Roger Ebert died on April 4 after a long battle with cancer. To commemorate what would have been his 71st birthday today, EW is republishing this essay by filmmaker Jason Reitman, written in tribute shortly after the critic’s passing.

I spoke with Roger Ebert perhaps a dozen times, but only heard his voice once. READ FULL STORY

'Whiplash': Sundance-winning short to become full-length feature -- BREAKING

The savage Sundance-winning short Whiplash, about a young drummer facing down a brutally antagonizing music instructor, is about to become a feature film.

Writer and director Damien Chazelle adapted the 18-minute short from several scenes in the full-length script with the hope that it would attract investors for the complete version.

Now Bold Films, the production company behind Drive and the upcoming Only God Forgives, has stepped forward to fill out the undisclosed budget. The company will make Whiplash as a joint production with Right of Way Films and Blumhouse Productions, who teamed up to create the short.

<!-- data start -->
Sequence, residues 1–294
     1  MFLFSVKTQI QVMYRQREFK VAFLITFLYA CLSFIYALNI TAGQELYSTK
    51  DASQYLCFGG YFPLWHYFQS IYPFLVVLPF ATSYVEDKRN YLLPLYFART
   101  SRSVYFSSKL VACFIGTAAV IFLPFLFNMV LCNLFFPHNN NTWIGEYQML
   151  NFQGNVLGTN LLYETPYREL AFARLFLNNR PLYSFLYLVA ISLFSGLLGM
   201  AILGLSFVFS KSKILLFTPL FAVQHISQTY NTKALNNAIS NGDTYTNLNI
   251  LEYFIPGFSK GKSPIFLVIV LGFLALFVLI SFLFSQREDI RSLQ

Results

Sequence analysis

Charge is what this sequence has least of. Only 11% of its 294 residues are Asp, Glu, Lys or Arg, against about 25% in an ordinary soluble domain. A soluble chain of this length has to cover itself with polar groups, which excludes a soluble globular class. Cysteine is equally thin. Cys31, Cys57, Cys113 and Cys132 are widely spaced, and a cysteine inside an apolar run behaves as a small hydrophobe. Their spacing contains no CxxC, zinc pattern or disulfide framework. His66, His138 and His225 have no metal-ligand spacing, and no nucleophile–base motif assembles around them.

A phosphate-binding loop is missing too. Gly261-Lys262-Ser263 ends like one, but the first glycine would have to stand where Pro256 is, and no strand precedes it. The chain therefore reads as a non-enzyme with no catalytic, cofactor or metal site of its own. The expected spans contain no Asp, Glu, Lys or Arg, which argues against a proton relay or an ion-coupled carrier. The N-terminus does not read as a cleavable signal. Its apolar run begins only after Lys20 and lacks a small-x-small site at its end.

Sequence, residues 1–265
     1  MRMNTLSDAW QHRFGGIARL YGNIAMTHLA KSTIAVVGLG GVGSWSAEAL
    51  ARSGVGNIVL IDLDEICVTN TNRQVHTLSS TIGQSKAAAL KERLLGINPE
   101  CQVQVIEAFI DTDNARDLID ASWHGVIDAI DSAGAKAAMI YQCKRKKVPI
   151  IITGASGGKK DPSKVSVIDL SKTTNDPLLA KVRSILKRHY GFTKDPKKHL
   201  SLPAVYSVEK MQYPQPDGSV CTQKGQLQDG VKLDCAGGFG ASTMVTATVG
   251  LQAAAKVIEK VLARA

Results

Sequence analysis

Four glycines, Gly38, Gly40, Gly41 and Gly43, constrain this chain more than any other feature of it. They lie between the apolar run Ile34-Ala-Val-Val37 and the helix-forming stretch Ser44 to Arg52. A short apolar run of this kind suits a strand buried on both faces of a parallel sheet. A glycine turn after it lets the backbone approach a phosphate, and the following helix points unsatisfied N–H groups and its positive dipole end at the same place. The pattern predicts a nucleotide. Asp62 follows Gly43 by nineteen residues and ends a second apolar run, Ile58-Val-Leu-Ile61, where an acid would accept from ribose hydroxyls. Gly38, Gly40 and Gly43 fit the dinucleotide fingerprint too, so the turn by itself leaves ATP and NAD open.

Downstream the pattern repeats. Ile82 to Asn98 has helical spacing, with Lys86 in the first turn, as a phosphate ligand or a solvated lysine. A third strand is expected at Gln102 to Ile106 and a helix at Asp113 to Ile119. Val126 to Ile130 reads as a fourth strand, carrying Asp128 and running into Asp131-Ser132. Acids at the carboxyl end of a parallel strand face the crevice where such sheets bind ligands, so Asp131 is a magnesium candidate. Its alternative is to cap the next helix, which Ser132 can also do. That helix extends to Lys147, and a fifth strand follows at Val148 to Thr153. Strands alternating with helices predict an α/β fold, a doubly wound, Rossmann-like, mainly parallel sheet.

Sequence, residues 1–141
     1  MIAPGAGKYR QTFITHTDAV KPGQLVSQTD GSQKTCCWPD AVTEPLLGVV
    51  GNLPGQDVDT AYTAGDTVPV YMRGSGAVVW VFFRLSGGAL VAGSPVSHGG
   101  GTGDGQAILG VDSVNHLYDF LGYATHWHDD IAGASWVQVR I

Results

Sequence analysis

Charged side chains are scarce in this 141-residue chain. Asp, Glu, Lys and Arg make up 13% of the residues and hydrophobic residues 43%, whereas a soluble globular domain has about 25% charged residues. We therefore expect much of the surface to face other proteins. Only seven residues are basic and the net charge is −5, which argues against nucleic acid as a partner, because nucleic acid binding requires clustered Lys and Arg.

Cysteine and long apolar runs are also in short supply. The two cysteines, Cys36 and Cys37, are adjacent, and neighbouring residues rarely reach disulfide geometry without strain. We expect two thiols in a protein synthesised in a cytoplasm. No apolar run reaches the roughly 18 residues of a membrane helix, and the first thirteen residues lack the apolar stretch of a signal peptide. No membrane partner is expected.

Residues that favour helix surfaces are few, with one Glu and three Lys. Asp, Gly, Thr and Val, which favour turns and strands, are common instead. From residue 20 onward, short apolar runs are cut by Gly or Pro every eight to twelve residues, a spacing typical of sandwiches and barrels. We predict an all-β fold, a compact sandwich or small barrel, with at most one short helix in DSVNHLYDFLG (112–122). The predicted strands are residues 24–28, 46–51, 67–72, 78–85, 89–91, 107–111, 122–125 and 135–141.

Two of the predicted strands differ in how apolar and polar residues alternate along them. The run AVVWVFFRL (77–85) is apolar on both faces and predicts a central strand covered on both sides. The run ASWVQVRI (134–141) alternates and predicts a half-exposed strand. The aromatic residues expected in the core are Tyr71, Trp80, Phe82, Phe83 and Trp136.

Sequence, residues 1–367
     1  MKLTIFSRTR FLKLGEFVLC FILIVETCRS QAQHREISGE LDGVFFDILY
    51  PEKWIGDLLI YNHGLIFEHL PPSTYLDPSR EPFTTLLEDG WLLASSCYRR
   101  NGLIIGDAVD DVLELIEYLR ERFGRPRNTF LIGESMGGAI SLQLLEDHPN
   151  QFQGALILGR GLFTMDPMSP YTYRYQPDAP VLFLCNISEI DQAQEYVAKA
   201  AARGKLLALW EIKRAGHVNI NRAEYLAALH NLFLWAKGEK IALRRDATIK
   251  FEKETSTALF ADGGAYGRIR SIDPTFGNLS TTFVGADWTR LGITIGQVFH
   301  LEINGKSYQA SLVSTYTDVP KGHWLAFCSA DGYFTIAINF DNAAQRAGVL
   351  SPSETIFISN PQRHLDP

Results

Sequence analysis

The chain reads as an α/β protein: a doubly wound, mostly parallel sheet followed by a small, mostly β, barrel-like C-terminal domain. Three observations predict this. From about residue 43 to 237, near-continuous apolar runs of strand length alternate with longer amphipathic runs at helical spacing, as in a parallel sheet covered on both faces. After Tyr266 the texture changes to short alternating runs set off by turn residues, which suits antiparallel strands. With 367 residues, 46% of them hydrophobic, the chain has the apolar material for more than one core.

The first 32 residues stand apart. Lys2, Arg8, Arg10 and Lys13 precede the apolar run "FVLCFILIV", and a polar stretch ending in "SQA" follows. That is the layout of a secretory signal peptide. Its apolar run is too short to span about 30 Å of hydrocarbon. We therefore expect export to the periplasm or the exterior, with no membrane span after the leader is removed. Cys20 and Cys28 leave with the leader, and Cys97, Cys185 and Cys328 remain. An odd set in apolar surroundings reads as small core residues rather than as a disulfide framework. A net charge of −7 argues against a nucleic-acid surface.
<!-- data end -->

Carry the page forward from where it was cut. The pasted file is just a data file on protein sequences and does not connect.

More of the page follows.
In the video above, EW debuted the first clip from Whiplash, which went on to win Sundance’s short film jury award for fiction.

The movie focuses on a drummer (Johnny Simmons) in an elite jazz orchestra conservatory as he struggles to impress a merciless teacher, played by J.K. Simmons (Juno and Spider-Man.)

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All-female cast for Jason Reitman's 'Glengarry Glen Ross' reading -- EXCLUSIVE

Glengarry-Glen-Ross-Grab

Just picture this image with a pantsuit. And some nail polish on that finger.

Oh, and Parenthood‘s Mae Whitman where Kevin Spacey is leaning.

Jason Reitman’s latest live stage-reading of an iconic movie script will replace the male dominated Glengarry Glen Ross with an entirely female cast, marking the biggest overall twist for one of his cinematic recreations since last year’s all black performance of Reservoir Dogs.